The Spanish ships suffered, but not so severely; and the troops at St. Augustine were entirely safe. They knew that the French settlement was left in a defenseless state. Melendez led his men through the low land that divides the St. Augustine from the St. John’s, and with a furious onset surprised the weak garrison, who had looked only toward the sea for the approach of danger. After a short contest, the Spaniards, on the twenty-first, became masters of the fort, and soldiers, women, children, the aged, the sick, were alike massacred. The Spanish account asserts that Melendez ordered women and young children to be spared; yet not till after the havoc had long been raging.
Nearly two hundred persons were killed. A few escaped into the woods, among them Laudonniere, Challus, and Le Moyne, who have related the horrors of the scene. But whither should they fly? Death met them in the woods; and the heavens, the earth, the sea, and men, all seemed conspired against them. Should they surrender, appealing to the sympathy of their conquerors? “Let us,” said Challus, “trust in the mercy of God rather than of these men.” A few gave themselves up, and were immediately put to death. The others, after the severest sufferings, found their way to the sea-side, and were received on board two small French vessels which had remained in the harbor.
The victory had been gained on the festival of St. Matthew; and hence the Spanish name of the river May. After the carnage, mass was said; a cross raised; and the site for a church selected, on ground still smoking with the blood of a peaceful colony.
The shipwrecked men were, in their turn, soon discovered. Melendez invited them to rely on his compassion; in a state of helpless weakness, wasted by their fatigues at sea, half famished, destitute of water and of food, they capitulated, and in successive divisions were ferried across the intervening river. As the captives stepped upon the opposite bank their hands were tied behind them; and in this way they were marched toward St. Augustine, like sheep to the slaughter-house. When they approached the fort, a signal was given; and, amid the sound of trumpets and drums, the Spaniards, sparing a few Catholics and reserving some mechanics as slaves, massacred the rest, “not as Frenchmen, but as Lutherans.” The whole number of victims here and at the fort is said, by the French, to have been about nine hundred; the Spanish accounts diminish the number of the slain, but not the atrocity of the deed.
In 1566 Melendez despatched a vessel from his squadron, with thirty soldiers and two Dominicans, to settle the lands on the Chesapeake bay, then known as St. Mary’s, and convert its inhabitants; but, disheartened by contrary winds and the certain perils of the proposed colonization, they turned about before coming near the bay, and sailed for Seville, spreading the worst accounts of a country which none of them had seen.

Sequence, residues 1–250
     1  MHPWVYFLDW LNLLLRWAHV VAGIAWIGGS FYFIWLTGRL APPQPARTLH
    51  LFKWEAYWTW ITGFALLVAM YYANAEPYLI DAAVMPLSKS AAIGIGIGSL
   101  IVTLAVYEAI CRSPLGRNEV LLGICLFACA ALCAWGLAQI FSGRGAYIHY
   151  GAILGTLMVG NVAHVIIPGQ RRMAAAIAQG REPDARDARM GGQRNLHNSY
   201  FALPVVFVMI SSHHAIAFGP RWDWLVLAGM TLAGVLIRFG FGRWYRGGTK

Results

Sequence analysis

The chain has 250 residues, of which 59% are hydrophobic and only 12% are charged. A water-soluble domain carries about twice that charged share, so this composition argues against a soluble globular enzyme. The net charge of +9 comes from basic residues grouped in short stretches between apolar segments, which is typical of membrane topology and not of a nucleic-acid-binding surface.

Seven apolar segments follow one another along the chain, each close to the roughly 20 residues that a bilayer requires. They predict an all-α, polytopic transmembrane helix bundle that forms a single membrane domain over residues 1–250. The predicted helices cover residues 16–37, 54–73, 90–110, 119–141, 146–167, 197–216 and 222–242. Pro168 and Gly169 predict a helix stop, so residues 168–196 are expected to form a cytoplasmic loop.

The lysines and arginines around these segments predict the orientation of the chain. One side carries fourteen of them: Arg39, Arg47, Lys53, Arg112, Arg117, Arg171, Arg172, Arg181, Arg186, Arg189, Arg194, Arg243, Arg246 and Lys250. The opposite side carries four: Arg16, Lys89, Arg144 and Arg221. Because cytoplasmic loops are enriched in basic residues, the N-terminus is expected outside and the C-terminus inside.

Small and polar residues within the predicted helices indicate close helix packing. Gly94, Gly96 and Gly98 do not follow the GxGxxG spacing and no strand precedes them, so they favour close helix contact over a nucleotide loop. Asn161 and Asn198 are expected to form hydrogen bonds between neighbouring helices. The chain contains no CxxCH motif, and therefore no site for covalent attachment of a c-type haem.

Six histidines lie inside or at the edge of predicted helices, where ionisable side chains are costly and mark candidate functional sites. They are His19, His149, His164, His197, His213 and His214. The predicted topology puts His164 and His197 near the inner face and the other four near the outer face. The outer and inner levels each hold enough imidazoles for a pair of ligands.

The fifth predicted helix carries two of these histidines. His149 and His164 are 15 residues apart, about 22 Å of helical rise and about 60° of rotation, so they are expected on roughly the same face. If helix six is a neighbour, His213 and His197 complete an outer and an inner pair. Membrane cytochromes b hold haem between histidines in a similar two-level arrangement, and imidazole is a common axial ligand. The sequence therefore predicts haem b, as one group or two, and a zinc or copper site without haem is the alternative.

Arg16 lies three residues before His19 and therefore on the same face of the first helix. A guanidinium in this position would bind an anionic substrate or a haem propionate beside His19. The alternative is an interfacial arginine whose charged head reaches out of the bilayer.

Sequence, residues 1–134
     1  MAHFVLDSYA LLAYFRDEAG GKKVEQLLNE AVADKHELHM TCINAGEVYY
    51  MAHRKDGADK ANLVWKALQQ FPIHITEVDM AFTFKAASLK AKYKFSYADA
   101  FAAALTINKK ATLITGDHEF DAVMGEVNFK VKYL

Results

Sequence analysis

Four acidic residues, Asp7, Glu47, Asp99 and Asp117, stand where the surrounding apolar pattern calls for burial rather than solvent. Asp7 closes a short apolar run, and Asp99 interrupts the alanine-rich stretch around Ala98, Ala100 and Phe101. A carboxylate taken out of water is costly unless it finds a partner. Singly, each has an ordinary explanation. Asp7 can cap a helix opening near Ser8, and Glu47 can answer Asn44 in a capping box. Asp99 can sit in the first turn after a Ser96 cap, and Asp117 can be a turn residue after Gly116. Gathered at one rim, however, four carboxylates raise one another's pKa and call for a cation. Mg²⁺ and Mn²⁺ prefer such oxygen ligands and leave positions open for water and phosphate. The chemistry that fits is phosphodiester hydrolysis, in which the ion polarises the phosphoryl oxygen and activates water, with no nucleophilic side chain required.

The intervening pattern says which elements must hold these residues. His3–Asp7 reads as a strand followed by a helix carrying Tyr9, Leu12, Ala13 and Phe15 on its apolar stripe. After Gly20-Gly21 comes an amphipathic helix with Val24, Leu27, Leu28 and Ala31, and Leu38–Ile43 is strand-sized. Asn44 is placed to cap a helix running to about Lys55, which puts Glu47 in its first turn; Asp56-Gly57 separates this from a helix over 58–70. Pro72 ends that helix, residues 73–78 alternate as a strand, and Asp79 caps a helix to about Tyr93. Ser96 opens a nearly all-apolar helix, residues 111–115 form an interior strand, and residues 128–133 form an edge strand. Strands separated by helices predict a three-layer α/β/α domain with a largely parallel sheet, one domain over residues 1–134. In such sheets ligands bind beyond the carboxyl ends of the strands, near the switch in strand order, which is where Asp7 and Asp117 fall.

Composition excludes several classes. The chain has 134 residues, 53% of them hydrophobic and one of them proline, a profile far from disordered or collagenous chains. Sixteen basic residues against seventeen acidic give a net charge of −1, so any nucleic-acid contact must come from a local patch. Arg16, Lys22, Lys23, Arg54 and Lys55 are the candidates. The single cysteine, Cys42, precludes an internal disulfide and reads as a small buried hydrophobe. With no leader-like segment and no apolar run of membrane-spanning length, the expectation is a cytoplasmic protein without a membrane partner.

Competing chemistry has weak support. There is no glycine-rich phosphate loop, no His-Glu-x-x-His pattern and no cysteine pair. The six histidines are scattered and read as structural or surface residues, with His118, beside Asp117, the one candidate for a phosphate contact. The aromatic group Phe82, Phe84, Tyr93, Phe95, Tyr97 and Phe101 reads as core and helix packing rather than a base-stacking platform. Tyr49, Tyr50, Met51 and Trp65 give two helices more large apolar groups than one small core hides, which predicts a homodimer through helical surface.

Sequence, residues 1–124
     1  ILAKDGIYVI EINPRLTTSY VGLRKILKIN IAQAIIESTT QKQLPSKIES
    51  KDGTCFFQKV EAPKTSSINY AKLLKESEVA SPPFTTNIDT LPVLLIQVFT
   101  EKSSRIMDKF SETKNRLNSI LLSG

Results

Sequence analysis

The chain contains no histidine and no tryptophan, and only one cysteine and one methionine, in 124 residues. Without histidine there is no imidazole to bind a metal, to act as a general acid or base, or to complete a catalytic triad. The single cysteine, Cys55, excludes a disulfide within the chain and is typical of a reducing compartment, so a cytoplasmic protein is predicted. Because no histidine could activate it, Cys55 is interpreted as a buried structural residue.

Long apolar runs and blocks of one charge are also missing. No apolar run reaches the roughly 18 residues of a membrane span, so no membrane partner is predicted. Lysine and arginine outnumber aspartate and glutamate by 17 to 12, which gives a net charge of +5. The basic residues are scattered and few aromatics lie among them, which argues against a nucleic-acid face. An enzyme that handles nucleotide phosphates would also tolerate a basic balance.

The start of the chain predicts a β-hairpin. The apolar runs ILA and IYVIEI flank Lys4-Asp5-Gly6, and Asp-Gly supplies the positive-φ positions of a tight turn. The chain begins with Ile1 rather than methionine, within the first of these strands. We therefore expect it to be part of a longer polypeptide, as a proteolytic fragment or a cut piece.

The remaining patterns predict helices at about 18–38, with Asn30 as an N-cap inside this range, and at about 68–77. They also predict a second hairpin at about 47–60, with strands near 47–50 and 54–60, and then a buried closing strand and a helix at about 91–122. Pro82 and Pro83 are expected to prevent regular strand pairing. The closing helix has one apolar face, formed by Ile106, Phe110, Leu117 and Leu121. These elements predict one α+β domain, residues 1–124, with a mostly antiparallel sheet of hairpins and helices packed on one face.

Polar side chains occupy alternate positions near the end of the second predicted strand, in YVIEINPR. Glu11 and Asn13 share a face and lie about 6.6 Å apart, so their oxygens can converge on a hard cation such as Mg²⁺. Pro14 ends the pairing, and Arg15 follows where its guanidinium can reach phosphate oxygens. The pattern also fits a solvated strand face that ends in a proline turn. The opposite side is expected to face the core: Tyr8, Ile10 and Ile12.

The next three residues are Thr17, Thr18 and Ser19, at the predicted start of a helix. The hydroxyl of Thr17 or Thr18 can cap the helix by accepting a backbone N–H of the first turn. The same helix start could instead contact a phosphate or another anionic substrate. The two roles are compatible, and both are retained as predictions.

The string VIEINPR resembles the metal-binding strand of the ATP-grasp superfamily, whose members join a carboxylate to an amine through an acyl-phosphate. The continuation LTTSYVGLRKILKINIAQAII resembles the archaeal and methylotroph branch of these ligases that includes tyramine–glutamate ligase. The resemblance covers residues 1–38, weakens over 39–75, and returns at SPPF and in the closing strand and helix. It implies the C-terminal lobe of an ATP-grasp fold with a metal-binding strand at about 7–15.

Melendez returned to Spain, impoverished, but triumphant. The French government made not even a remonstrance on the ruin of a colony which, if it had been protected, would have given to France an empire in the south, before England had planted a single spot on the new continent.
The Huguenots and the French nation did not share the indifference of the court. Dominic de Gourgues—a bold soldier of Gascony, whose life had been a series of adventures, now employed in the army against Spain, now a prisoner and a galley-slave among the Spaniards, taken by the Turks with the vessel in which he rowed, and redeemed by the commander of the knights of Malta—burned with a desire to avenge his own wrongs and the honor of his country. The sale of his property and the contributions of his friends furnished the means of equipping three ships, in which, with one hundred and fifty men, he, on the twenty-second of August, 1567, embarked for Florida, to destroy and revenge. He surprised two forts near the mouth of the St. Matthew; and, as terror magnified the number of his followers, the consternation of the Spaniards enabled him to gain possession of the larger establishment, near the spot which the French colony had occupied. Too weak to maintain his position, he, in May; 1568, hastily weighed anchor for Europe, having first hanged his prisoners upon the trees, and placed over them the inscription: “I do not this as unto Spaniards or mariners, but as unto traitors, robbers, and murderers.” The natives, who had been ill-treated both by the Spaniards and the French, enjoyed the consolation of seeing their enemies butcher one another.
The attack of the fiery Gascon was but a passing storm. France disavowed the expedition, and relinquished all pretension to Florida. Spain grasped at it as a portion of her dominions; and, if discovery could confer a right, her claim was founded in justice. In 1573, Pedro Melendez Marquez, nephew to the adelantado, Melendez de Aviles, pursued the explorations begun by his relative. Having traced the coast line from the southern cape of Florida, he sailed into the Chesapeake bay, estimated the distance between its headlands, took soundings of the water in its channel, and observed its many harbors and deep rivers, navigable for ships. His voyage may have extended a few miles north of the bay. The territory which he saw was held by Spain to be a part of her dominions, but was left by her in abeyance. Cuba remained the centre of her West Indian possessions, and everything around it was included within her empire. Her undisputed sovereignty was asserted not only over the archipelagoes within the tropics, but over the continent round the inner seas. From the remotest south-eastern cape of the Caribbean, along the continuous shore to the cape and Atlantic coast of Florida, all was hers. The Gulf of Mexico lay embosomed within her territories.
This version of George Bancroft’s “History of the United States,” with updated spelling, formatting, and editor’s summary, Copyright © 2011 Steve Farrell and The Moral Liberal.